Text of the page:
Angels use big inning to sink Rangers 6-5

All was right with the Texas Rangers’ world for three innings Friday night.

They had scored three times against former teammate C.J. Wilson, including two runs on hits with runners in scoring position, and Matt Garza had made quick work of the Los Angeles Angels’ lineup the first time through the order.

Up the road nearly 400 miles, the Oakland A’s were losing by two runs in the third inning of their game against the Houston Astros.

The rest of the night, though, didn’t follow suit, especially the fourth inning.

Mark Trumbo launched a three-run homer in a five-run fourth against Garza, and Wilson and the Angels hung on for a 6-5 victory that dropped the Rangers out of first place in the American League West.

“That five-run inning broke our back,” manager Ron Washington said. “It was one inning. If it could have been a two-run inning or a three-run inning, it would have been a different game.”

Oakland is now a half-game up in the division after rallying to beat Houston. The Angels rallied, too, from a 3-0 hole, to send the Rangers to their fifth loss in their past seven games.

Garza breezed through the first three innings, facing the minimum and allowing only a Josh Hamilton single to start the second. But the first two Angels singled, on a well-placed grounder past first baseman Jeff Baker and soft liner to center, to start the fourth and to put runners at first and third for Mike Trout.

He also singled, this one coming on an 0-2 pitch, to plate the Angels’ first run, and after Hamilton bounced into a fielder’s choice, Kole Calhoun singled to make it 3-2. Trumbo was next, and he launched his 30th homer to erase the Rangers’ lead.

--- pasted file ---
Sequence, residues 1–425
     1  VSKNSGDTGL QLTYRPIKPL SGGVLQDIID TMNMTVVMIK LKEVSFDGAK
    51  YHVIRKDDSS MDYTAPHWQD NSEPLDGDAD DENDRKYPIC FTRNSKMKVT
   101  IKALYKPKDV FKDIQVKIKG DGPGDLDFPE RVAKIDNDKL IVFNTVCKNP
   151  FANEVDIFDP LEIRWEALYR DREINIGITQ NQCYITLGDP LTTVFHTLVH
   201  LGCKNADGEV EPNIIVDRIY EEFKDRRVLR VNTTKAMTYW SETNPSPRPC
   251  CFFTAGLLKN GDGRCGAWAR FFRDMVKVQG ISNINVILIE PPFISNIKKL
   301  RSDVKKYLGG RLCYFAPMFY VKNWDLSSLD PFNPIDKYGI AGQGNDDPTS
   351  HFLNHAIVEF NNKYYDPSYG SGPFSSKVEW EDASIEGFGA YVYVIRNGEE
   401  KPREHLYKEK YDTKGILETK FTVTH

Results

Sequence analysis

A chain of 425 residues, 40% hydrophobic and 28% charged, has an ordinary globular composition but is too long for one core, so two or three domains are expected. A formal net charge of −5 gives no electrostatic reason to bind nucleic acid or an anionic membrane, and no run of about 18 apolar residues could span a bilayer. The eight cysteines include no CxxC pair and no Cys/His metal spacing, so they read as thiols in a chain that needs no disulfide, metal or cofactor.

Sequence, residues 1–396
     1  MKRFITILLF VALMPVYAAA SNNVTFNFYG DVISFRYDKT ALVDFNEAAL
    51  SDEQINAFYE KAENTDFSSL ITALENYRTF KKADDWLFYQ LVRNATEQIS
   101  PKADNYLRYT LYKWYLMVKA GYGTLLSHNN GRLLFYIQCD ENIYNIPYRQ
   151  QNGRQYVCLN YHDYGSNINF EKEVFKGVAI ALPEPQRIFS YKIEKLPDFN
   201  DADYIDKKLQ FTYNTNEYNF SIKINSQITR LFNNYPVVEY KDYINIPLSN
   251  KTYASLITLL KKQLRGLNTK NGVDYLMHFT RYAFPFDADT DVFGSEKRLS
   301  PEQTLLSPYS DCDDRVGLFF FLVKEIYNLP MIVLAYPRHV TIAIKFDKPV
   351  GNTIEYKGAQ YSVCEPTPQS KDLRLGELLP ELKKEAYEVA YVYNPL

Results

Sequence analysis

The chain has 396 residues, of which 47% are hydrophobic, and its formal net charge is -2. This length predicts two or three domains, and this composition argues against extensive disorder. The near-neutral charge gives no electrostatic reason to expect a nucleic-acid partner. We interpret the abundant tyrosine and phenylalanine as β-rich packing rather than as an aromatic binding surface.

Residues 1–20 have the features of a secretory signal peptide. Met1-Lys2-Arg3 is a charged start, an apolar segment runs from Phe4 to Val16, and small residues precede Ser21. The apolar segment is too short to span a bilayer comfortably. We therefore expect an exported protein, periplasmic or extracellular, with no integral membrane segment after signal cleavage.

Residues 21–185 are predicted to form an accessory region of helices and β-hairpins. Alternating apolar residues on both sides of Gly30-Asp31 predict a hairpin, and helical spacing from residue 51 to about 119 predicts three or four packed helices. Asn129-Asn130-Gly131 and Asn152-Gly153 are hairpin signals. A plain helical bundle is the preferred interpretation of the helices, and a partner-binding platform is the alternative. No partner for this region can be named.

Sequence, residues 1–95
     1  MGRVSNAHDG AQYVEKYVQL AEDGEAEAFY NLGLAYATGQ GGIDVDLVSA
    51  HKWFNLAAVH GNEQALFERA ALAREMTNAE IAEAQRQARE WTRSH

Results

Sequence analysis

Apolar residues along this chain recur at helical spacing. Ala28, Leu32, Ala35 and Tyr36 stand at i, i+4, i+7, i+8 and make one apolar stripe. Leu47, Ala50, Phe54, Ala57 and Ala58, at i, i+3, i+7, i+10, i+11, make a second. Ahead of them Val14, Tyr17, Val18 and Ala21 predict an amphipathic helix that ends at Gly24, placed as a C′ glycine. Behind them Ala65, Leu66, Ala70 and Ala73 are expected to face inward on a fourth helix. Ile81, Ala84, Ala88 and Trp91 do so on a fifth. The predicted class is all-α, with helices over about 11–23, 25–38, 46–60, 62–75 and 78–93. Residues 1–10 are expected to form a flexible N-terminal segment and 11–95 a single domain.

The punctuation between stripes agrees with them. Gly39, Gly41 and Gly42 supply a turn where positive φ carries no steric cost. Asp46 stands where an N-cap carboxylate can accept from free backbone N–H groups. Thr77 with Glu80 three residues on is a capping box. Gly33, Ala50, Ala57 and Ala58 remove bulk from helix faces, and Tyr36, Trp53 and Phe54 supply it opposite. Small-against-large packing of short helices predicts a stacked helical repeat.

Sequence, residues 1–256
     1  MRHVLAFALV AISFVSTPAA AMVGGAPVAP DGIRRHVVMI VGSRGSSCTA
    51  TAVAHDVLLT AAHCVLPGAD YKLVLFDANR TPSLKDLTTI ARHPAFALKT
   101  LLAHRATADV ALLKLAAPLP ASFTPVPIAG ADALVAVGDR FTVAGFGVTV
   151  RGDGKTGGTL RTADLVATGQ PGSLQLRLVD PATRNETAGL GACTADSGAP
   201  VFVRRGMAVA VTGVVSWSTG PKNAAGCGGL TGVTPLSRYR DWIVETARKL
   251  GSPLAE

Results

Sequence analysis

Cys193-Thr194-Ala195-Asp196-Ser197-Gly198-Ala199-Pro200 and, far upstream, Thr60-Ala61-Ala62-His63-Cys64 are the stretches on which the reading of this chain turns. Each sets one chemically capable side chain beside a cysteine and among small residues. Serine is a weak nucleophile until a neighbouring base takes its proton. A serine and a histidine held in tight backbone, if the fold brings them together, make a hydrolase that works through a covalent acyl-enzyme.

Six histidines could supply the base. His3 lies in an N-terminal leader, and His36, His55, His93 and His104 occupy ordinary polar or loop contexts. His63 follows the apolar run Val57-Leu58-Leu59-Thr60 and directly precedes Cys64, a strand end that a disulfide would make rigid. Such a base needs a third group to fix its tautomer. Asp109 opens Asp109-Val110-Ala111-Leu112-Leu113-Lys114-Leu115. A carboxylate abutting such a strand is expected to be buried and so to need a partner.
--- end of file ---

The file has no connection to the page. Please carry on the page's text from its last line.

“They put together a couple hits, and I left a slider over the middle and Trumbo did with it what he does with sliders you leave over the middle,” said Garza, who dropped to 3-3 with the Rangers. “It’s really frustrating. As a pitcher, you try to control those innings and try to keep them small.”

The Angels scored an unearned run against Garza in the fifth, as second baseman Ian Kinsler threw wildly on a throw to first to get Trout on a high chopper and Erick Aybar scored from third. But Garza hung around until the seventh, throwing 75 of his 96 pitches for strikes.

“I threw a lot of strikes tonight. It threw a ton of strikes tonight,” he said. “I paid for one pitch. It was too good of a strike.”

Rangers pitchers have allowed more than five runs in consecutive starts after going 31 straight games allowing five or fewer. Garza, acquired July 22 for the stretch run, has allowed at least four runs in six of his nine starts since the five-player trade with the Cubs.

“We trust him,” shortstop Elvis Andrus said.

Alex Rios homered for the Rangers in the second, and A.J. Pierzynski and Rios delivered RBI singles in the third to stake the Rangers to a three-run cushion. Wilson would retire the next seven, and he pitched around a leadoff single and a walk to work a scoreless sixth.

He escaped from the third and sixth by getting Baker, one of the Rangers’ best right-handed hitters against left-handed pitchers, to hit into double plays. Andrus took Wilson deep with two outs in the seventh, his second homer of the season on Wilson’s 116th and final pitch of the game.

“He didn’t give in to anyone,” Washington said of Wilson. “The keys were the two double plays he got on Baker.”

The Rangers made things interesting with two outs in the ninth. Leonys Martin doubled against Ernesto Frieri, and Andrus followed with an RBI single to left field. Kinsler, though, struck out to end it.

“We created some opportunities, and that’s what we need to carry over,” said Andrus, who played for the first time since Aug. 31 after dealing with back tightness. “It was a good game. Garza threw the ball really well. He just had one bad inning.”

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